Evolution of Crime Films
Crime films are arguably the most complex classification of movies that reflect our ideology of moral order and justice, lawful and illicit, desirable and unworthy. Crime films mirror society due to its interplay with the complexity of real live events that satisfy the audience’s desire for mayhem, underdog characters, and a fallible justice system. The critical alternative tradition, for the most part, focuses on this aspect of the film; while traditional movies tend to emphasize heroism and the restoration of moral order.
The earliest crime film may be traced to the silent epoch of 1897-1927, during the Progressive era in the United States. Social conditions that existed during this time, such as immigration and urbanization led to a proliferation of organized crimes, social anarchy, and distrust of the government. The alarming rate of crime and social disorder created a leeway for the emergence of crime movies, such as the Great Train Robbery, which Rafter (2006) believed may have been the first crime film. The prohibition code that was expected to restrict alcohol and other illicit acts had the reverse effect on the public. It created further rebellion for the law and produced an increased fascination for gangster films, such as Scar Face and Little Caesar, which portrayed outlaws as heroic figures that sought to gain economic status through illegal means. The fact that gangster films portrayed urban neighborhoods and criminality in a realistic fashion allowed the audience to better identify with the motivation and criminal lifestyle of the gangster. This in itself contributed to the endurance of the gangster genre even into the 21st century.
The prison genre also made an impact during the early 1930s with the onset of movies such as The Big House and I am a Fugitive from a Chain Gang. The stock prison films are usually centered on the convicts, a harsh warden, rebelliousness, and a young hero who tries to escape. It often provides one with the theme of hope versus despair. Stock prison films for the most part, are optimistic in tone as it appeals to the audience’s virtue of patience—which allows them to partake in the hardships and sufferings of the convicts, but also sustains the hope that freedom will soon be achieved. The Alternative tradition of prison films, however, tends to emphasize the brutalities of prison life. This genre feeds the audience’s appetite for daring films that do not justify the prison system, but instead demonstrate films in which innocence and morality is blurred. American Me, for example, portrayed explicit sodomy, gang related activities and drug trades. There was an increase of ethnic diversity among the characters in the film. Examples of such groups include the Hispanic community, the Aryan Brothers, and the Black Guerilla Family. Such diversity enables the audience of different ethnic groups in theU.S. to relate to the experiences of the characters. In contrast to traditional prison films, alternative tradition recognizes and accepts despair and provides no reform.
The prominence of the gangster and prison genre declined in the 1940s due to the infiltration of European techniques and style of expression that became embedded in American filmmaking. British born director, Alfred Hitchcock migrated to the U.S and brought with him highly expressionistic styles that were darker, had high shadows, and versatile camera angles. This new type of film became known as film noir. Hollywoodbegan borrowing noir traditions and incorporating them into American movies. The theme, characterization, and linear storytelling that were once emblematic of American films rapidly began to decline. Films now included a pessimistic outcome, complicated plots, and psychological motives derived from Freudian analysis that were prominent in Europe. The introduction of film noir led to the development of a femme fatale category that portrayed women as ruthless and conniving. The femme fatale category gave women more prominent roles in films, albeit still being sexually objectified. However, this change appealed to the audience as it not only created a new way of depicting gender roles but it also reflected the social changes occurring in the larger society. For example, America’s involvement in World War II led to a decline of males in the workforce. As a result, women took on the responsibility of providing for the household and held traditionally male dominated jobs. This period initiated the onset of women’s independence, and films such as Maltese Falcon and Rear Window started portraying the female character as witty, deceitful, and even treacherous—which is a reverse of the dedicated subservient housewife.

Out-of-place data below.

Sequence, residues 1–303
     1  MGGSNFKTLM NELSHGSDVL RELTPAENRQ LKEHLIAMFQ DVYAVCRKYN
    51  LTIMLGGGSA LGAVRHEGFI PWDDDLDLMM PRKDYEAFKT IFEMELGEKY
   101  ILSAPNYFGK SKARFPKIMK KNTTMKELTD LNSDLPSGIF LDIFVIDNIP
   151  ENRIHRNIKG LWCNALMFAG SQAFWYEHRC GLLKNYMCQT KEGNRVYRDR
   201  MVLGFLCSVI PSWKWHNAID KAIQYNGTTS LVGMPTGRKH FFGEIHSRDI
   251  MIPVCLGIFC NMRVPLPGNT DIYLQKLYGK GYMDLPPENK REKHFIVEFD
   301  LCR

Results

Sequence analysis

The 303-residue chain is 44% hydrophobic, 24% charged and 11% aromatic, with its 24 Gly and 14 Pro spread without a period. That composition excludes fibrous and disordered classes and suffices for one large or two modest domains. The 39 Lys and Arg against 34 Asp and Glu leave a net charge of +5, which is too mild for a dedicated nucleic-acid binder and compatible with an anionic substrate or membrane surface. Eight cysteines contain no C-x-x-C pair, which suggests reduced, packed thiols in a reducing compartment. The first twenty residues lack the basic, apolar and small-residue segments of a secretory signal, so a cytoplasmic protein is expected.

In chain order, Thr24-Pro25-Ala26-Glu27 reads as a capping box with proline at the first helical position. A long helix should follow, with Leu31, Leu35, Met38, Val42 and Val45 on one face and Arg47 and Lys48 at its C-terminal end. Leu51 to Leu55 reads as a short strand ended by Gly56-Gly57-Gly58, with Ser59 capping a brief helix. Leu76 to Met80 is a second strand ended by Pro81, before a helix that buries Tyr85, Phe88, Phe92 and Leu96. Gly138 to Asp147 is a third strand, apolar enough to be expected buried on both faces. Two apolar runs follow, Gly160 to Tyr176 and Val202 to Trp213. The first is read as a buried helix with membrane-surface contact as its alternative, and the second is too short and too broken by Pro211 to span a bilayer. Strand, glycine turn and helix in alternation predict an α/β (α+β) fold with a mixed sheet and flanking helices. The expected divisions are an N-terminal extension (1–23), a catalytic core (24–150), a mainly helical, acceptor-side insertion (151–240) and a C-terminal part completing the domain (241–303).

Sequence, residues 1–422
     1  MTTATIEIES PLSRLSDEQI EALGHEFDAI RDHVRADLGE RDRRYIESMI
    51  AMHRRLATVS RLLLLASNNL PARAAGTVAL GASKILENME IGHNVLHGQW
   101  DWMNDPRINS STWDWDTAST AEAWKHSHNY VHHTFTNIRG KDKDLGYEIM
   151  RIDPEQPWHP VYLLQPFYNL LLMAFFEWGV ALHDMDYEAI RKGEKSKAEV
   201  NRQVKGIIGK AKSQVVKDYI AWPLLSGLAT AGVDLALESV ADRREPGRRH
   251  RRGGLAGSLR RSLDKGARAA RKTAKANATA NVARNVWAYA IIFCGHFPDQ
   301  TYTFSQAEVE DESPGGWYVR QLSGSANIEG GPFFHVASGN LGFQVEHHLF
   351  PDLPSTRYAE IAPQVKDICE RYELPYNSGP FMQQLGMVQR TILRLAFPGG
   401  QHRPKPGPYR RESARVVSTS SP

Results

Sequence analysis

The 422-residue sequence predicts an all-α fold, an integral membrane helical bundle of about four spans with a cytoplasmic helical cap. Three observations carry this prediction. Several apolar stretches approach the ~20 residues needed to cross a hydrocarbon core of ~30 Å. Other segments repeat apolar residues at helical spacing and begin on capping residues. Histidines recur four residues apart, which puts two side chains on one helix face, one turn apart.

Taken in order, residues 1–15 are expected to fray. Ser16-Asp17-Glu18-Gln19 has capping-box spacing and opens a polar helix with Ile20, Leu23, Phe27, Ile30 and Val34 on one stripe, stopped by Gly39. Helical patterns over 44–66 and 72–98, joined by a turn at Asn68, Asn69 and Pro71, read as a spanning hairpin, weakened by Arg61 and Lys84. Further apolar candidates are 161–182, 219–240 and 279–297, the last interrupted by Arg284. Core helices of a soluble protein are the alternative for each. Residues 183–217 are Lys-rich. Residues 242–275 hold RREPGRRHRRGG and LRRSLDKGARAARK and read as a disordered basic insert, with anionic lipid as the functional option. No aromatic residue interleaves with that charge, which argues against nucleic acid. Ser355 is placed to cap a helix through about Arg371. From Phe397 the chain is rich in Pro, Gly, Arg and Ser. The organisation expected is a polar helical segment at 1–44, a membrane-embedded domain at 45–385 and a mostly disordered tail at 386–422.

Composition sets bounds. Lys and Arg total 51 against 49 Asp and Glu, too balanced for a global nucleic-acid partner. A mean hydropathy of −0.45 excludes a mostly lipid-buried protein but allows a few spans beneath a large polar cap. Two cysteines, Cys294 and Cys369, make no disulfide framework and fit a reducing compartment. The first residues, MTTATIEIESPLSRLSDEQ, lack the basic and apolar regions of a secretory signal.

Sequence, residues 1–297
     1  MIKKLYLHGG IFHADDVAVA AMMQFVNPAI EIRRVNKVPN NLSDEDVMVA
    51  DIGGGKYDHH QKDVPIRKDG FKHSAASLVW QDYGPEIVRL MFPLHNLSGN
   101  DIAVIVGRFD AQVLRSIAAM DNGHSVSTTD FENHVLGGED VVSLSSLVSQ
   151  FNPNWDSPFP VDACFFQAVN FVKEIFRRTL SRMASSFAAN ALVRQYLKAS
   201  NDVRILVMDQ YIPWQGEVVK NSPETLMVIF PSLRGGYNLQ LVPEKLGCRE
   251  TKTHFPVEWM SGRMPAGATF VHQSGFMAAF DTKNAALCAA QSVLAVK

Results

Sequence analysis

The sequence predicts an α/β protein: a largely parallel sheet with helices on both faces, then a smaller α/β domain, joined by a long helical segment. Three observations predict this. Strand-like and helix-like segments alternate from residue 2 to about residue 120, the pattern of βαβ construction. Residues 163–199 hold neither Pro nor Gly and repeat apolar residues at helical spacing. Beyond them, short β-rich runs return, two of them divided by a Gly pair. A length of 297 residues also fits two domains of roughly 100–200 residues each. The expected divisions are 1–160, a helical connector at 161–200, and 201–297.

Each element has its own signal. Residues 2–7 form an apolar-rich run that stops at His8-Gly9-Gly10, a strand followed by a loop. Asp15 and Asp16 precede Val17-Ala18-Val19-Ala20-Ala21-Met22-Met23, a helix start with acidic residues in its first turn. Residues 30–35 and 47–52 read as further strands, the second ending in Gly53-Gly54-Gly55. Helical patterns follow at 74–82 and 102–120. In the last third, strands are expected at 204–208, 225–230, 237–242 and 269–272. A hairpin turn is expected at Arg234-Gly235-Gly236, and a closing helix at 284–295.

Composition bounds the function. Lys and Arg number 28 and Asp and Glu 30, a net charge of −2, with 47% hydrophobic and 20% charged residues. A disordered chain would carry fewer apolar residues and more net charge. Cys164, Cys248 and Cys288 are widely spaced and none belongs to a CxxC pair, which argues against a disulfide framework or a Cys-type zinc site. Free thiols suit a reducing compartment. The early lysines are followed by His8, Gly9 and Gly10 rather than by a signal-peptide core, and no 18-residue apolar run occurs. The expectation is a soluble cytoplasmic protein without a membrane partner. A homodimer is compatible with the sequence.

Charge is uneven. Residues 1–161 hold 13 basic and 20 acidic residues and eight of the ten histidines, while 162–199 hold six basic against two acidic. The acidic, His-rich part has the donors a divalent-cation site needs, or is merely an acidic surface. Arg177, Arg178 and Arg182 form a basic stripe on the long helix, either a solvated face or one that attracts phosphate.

The film noir tradition, however, did not flourish indefinitely. During the 1950s to the 1970s, several new genres emerged that included the courtroom drama, police genre, slasher, and serial killer and psycho genre. This change in dimension evolved due to the advent of home television that cut into Hollywood profits; thus propelling Hollywood to respond by targeting the pop culture of the youth with new and brighter thrillers, better Technicolor and widescreen television. Serial killers, slashers, and psycho movies became the avenue through which Hollywoodcould reach a different and larger set of audience. The slasher genre emerged in the 1970s with the onset of movies such as Texas Chain Saw Massacre and Halloween. These films were primarily aimed at the younger audience and usually entail a teenaged protagonist, preferably a female who is hunted down by a dark, sadistic, male character. According to Rafter (2006), slashers are not true crime films as they are not concerned with crime and justice. Instead they are modeled after figures of folklore and myths. (p. 89). The imagery in the film is haunting to the viewer but at the same time intriguing as it keeps the suspense afloat. Other prominent features of the slasher films are the use of excess blood and gore and the fact that the villain kills repeatedly and does so in a violent manner. In Halloween for example, Michael, the antagonist of the film carries out violent acts on numerous occasions and kills out of anger and for mental relief. Images of dead bodies were displayed on the screen with blood stained victims and the weapon used to commit the murder. The slasher film genre targets teenaged audience specifically and speaks to the fears of increasing crime and dislocation.